In the 1990s, Philips left its industrial company town, Eindhoven – only to come back and benefits from city’s post-industrial transformation.
In the 18th century, the position on the railway route between Belgium and Germany attracted many entrepreneurs to the area of North Brabant. In 1891, Gerard Philips settled in and with the growth of its company Royal Philips Electronics, the city boomed. “This huge growth was the immediate cause to consolidate six villages in 1920 (Strijp, Stratum, Gestel, Tongelre, Woensel and Eindhoven) into one new town “Eindhoven”. Philips built several industrial buildings, in which it produced light bulbs, radio sets, X-ray machines, televisions and other electrical equipment. Since the (Roman Catholic) Municipality and its institutions were not willing or able to help the (Liberal-Protestant) Philips family, the company built dwellings, schools, shops, sports and recreational amenities (with a theatre and a cinema) and layed out green spaces. Moreover, Philips provided medical services and organised several sporting clubs” (Havermans et al., 2008: 6).
With the crisis of the company in the 1970s, Philips externalised or closed many of its activities and focused on its core business. Manufacturing activities were moved to other locations and its headquarters was moved to Amsterdam. With its move of manufacturing and management to other locations and externalisation and closure of many activities, it lost its power and influence. But not its symbolic capital.
Never again, Philips-town
Philips benefited greatly from the vision and strategy of Eindhoven that emerged as an answer to Philips’s move and industrial downturn. Under the motto “Never again!”, a new cooperation alliance was formed to work more effectively in the future, aimed at transforming a “traditional industrial region into a top-technology and design region” (Fernandez Maldonado and Romein, 2010: 91). New policies and initiatives have been set up at local, regional, and cross-border networks.
The Samenwerkingsverband Regio Eindhoven (SRE), one of the eight Dutch “city-regions”, facilitates cooperation activities of several municipalities in the fields of housing, employment and traffic flows (Fernandez Maldonado and Romein, 2010: 92). At this level, a triple helix was organised with two main projects to tackle the industrial decline: “Stimulus (1990), a European programme for job creation and strengthening of the industrial fabric, and Horizon (2001), a strategic action plan focused on industrial innovation, reduction of shortages of skilled labour, diversification of the knowledge industry and international branding” (Fernandez Maldonado and Romein, 2010: 92). Horizon today continues as Brainport Eindhoven with a mission “to create an environment for economic and social development towards a high quality of life and, through this, to achieve a sustainable and globally competitive region“ (Fernandez Maldonado and Romein, 2010: 92).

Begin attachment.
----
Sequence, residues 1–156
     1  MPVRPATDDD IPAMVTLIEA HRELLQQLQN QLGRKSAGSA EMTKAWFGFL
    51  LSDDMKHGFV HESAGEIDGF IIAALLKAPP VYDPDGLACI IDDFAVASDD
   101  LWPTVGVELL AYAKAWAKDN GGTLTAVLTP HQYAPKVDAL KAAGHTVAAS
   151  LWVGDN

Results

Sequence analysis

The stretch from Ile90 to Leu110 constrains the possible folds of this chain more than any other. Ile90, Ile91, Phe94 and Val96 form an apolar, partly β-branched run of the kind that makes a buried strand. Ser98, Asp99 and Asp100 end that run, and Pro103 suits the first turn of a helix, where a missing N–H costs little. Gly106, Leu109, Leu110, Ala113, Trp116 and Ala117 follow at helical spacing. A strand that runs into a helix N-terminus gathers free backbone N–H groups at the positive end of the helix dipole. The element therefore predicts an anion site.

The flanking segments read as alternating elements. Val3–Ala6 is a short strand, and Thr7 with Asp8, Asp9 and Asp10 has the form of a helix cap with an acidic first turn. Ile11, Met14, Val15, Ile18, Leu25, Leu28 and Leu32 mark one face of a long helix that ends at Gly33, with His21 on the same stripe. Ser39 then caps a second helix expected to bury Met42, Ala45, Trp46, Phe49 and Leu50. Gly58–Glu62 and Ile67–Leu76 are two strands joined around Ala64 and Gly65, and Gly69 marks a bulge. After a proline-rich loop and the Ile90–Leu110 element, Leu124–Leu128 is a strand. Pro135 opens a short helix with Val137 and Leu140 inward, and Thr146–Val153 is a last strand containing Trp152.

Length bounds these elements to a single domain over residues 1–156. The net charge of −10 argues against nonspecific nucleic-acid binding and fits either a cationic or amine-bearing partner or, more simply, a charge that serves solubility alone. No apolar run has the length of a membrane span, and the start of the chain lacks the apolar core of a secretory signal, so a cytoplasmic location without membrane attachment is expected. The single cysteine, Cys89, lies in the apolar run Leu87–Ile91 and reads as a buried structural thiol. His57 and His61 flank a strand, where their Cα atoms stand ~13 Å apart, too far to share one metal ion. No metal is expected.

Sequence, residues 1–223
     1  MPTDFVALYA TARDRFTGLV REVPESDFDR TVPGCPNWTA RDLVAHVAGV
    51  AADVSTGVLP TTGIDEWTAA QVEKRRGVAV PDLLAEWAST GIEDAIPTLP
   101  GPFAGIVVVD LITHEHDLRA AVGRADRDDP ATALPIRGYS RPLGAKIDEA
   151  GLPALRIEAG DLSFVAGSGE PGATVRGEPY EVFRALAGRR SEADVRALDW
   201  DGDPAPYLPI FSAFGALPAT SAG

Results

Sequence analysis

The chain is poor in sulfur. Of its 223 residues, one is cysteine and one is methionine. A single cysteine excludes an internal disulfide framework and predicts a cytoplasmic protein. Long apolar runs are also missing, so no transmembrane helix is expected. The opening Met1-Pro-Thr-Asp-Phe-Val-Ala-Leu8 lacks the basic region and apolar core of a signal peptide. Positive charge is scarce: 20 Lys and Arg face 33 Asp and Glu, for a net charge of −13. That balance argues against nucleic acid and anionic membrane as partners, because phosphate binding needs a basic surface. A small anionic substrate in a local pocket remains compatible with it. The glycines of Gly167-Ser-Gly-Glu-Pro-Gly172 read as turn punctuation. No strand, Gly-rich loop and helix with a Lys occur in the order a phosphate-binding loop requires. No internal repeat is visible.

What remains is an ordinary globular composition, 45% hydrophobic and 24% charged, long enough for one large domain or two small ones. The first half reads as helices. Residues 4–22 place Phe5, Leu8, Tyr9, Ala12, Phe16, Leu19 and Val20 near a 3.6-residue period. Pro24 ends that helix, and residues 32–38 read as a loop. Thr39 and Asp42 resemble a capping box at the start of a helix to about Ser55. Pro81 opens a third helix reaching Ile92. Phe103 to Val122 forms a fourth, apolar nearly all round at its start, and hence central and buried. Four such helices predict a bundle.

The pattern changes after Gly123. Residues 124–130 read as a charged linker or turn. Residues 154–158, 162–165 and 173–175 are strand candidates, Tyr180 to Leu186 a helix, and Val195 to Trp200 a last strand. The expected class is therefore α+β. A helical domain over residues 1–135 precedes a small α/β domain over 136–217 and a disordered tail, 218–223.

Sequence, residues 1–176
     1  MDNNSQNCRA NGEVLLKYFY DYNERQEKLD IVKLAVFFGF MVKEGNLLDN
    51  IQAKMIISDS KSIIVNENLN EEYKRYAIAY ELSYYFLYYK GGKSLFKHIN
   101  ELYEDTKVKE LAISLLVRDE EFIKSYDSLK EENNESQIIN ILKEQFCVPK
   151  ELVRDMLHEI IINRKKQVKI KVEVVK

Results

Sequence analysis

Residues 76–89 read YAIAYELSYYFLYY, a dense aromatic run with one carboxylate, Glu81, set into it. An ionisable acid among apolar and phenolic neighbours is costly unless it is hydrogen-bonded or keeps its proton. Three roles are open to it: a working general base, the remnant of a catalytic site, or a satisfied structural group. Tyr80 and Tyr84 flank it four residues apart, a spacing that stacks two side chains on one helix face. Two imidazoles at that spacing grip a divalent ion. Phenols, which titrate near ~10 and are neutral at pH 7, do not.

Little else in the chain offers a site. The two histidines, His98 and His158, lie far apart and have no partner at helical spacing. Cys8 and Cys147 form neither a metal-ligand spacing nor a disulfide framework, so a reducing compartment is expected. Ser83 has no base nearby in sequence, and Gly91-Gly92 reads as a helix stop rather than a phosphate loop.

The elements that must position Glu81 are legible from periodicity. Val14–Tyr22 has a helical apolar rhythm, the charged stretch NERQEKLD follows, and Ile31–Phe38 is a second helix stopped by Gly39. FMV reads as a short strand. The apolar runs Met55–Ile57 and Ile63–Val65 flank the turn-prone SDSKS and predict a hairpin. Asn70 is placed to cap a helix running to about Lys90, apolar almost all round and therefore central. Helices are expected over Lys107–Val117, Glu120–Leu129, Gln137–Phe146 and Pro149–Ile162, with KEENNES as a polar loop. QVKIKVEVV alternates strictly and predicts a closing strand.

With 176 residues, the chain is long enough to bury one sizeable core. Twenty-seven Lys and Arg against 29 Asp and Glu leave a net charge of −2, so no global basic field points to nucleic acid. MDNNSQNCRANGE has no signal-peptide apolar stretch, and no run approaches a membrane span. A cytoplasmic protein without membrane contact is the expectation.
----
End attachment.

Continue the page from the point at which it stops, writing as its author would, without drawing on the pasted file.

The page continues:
Moreover, the recent change of the economic development strategy from innovation and research toward design and culture, reminds of Philips’s gradual reorientation from consumer products toward advanced medical technology and lifestyle and the need to complete the whole value chains from R&D to marketing. However, Philips is no longer the driver of this change.
Post-industrial Philips is back!
As only its R&D stayed in Eindhoven, Philips hugely expanded its technology campus in Eindhoven (van den Berg et al., 2001: 196). After the 1990s, Philips has been increasingly strengthening its innovation and research facilities in Eindhoven and has started practicing “open innovation”. After realising that the “traditional model of closed in-house innovation is blocking clever idea from entering the company from clever people outside” (Blau, 2007: 9), Philips has opened the access to their technology and started collaborating with external researchers and innovators with complementary interests in order to gain new expertise, outsider perspectives and benefit from synergies.
By initiating High Tech Campus in Eindhoven in 1999, Philips has built an innovation district, an environment that fosters interaction, networking and knowledge sharing, and ultimately encourages the participation of research organizations, manufacturers and start-ups to jointly develop ground-breaking technologies (Blau, 2007: 9). The High Tech Campus concentrated several R&D activities of Philips in 30 buildings with more than 100,000 m2 of lab space next to Philips corporate R&D facilities and around the strip with conference rooms, restaurants and meeting facilities for researchers and business development managers. Eindhoven’s clean room facilities for microelectronics development are among the largest in the world (Blau, 2007: 9).
In 2003, Philips opened High Tech Campus to other companies and it has since attracted several private and public high-profile research institutes – the number of firms, institutes and jobs in Eindhoven has significantly increased after this move (Fernandez Maldonado and Romein, 2010). This is crucial to Philips’s internal strategic innovation programmes as Philips entered with them into several state-funded research consortiums. Through twinning, Philips and smaller firms contribute to each other’s activities and achieve synergies. The main results of these activities are in the pre-competitive phases that give participating companies non-exclusive rights to the research findings. In further phases, Philips Incubators, launched in 2002, creates new business ventures based on novel technologies created by Philips corporate R&D and transforms research projects into new businesses (Blau, 2007: 10).
In 2012, Philips sold High Tech Campus Eindhoven to Ramphastos Investments, a private consortium of investors that has since been managing the campus. Philips remained a tenant. Today, the High Tech Campus houses more than 140 companies and institutions with over 10,000 researchers, innovators and entrepreneurs of 85 nationalities. On average, campus residents file four patents a day.
Moreover, Philips Innovation Services is supporting outside researchers and research institutions in their activities: conducting development projects, creating engineering samples, prototypes and products in its pilot factory or MEMS foundry, contributing with its staff in research teams, and providing on-site technology support consultations (Philips Innovation Services, 2016).
Freeloading on Eindhoven brand